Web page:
• Review

Album Review: Over The Rhine Love & Revelation

Cincinnati is a music town. Sure, the powers that be can call it a baseball town or a food town, and we certainly have those elements to celebrate, but the music is always there. Sometimes the region supports it, and sometimes they turn their backs on it, but the music remains. Cincinnati has produced innumerable bands over the years, spanning genres and levels of popularity, from single club shows to national acclaim. With the release of Love & Revelation, the 18th studio album from inveterate Cincinnati group Over The Rhine, the band show once again why they continue to enjoy the adoration of their fans.

The album opens with an acoustic guitar quietly strumming as the lyrics gently tell us, “I cried all the way from Los Lunes to Santa Fe” -- just like that, you’re hooked, invested in this story of heartache that plays throughout the album, never feeling truly resolved. The next song, “Given Road,” opens with low, minor, almost lurking strings, telling another story of a heart encumbered. “Let You Down” plays less like a song than an intimate look at a love letter set to a beautiful soundtrack. The plaintive “Broken Angels” has lyrics that sound more like a confession in a diary.

The title track, released as a single in advance of the album, temporarily puts down the quiet introspection of the previous songs in favor of a big beat and some of singer Karin Bergquist’s more soulful vocals on the album. The vibes quiets a bit again with “Making Pictures,” a song with easy hooks that I found myself humming hours later. “Betting On The Muse” is deceivingly fun, a happy little relief in the middle of a very weighty album.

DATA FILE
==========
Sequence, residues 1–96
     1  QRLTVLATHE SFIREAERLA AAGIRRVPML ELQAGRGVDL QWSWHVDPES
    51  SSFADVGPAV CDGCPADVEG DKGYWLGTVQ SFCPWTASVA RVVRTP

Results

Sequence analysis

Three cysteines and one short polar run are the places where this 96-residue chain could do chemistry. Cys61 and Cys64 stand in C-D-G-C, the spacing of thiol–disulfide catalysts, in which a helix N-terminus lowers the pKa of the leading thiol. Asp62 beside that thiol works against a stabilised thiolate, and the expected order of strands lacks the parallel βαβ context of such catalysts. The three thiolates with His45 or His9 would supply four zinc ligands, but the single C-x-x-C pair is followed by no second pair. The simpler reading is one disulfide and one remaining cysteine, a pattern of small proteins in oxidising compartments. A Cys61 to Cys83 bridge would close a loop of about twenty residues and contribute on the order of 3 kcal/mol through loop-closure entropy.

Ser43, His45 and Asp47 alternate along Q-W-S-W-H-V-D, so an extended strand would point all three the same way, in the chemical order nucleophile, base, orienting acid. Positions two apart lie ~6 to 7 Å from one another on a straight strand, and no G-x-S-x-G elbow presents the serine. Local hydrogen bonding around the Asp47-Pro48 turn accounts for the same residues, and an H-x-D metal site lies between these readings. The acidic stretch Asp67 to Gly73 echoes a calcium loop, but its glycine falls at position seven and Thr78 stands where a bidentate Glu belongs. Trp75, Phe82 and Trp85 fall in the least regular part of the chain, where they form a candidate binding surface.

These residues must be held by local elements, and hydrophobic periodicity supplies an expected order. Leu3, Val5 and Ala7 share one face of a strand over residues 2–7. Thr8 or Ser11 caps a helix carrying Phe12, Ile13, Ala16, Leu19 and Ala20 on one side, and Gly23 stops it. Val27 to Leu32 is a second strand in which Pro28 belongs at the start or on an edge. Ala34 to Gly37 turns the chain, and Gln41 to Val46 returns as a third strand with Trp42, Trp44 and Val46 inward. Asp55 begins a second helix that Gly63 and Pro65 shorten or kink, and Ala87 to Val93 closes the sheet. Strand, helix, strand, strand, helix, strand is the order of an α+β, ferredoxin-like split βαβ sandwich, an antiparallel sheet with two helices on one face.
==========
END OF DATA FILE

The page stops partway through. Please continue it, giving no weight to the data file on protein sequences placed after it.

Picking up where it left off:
“Leavin’ Days” is a classic “moving on” song, with its insistent drums like a march, pushing the song forward. “Rocking Chair” starts with a rare electric guitar lick, kicking off another fun, light-hearted song. “May God Love You (Like You’ve Never Been Loved)” is another, more intimate moment, as if you were hearing not the words of a love letter, but the words of a lover’s prayer. The album closes with the instrumental “An American In Belfast,” a beautiful, gentle acoustic piece, devoid only of words, allowing the listener space to gently come to terms with the stories they have just lived.

Upon first listen, the songs all feel familiar, yet on subsequent listens, they all feel fresh and new. But whether on the first listen or the tenth, this album feels unfailingly honest. The lyrics and music blend perfectly, creating as much of an emotional world as a musical one. The effect is that of creating a work that is warm and tender, like a dear, old friend returning on a summer afternoon -- no judgement, no pretense, just a warm embrace and a welcome, with conversations picking up as if nothing had changed.

Love & Revelation, like every album from Over The Rhine, is always a welcome friend, indeed.


  1. Los Lunas*
  2. Given Road
  3. Let You Down
  4. Broken Angels
  5. Love & Revelation*
  6. Making Pictures
  7. Betting On The Muse
  8. Leavin’ Days
  9. Rocking Chair
  10. May God Love You (Like You’ve Never Been Loved)
  11. An American In Belfast